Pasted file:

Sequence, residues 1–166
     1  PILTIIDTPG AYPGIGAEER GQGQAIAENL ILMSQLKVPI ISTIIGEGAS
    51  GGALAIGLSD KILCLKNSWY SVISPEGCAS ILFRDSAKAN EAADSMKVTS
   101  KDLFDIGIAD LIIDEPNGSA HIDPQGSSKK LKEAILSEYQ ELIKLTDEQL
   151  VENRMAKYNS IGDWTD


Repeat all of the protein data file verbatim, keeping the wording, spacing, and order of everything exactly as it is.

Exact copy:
Sequence, residues 1–166
     1  PILTIIDTPG AYPGIGAEER GQGQAIAENL ILMSQLKVPI ISTIIGEGAS
    51  GGALAIGLSD KILCLKNSWY SVISPEGCAS ILFRDSAKAN EAADSMKVTS
   101  KDLFDIGIAD LIIDEPNGSA HIDPQGSSKK LKEAILSEYQ ELIKLTDEQL
   151  VENRMAKYNS IGDWTD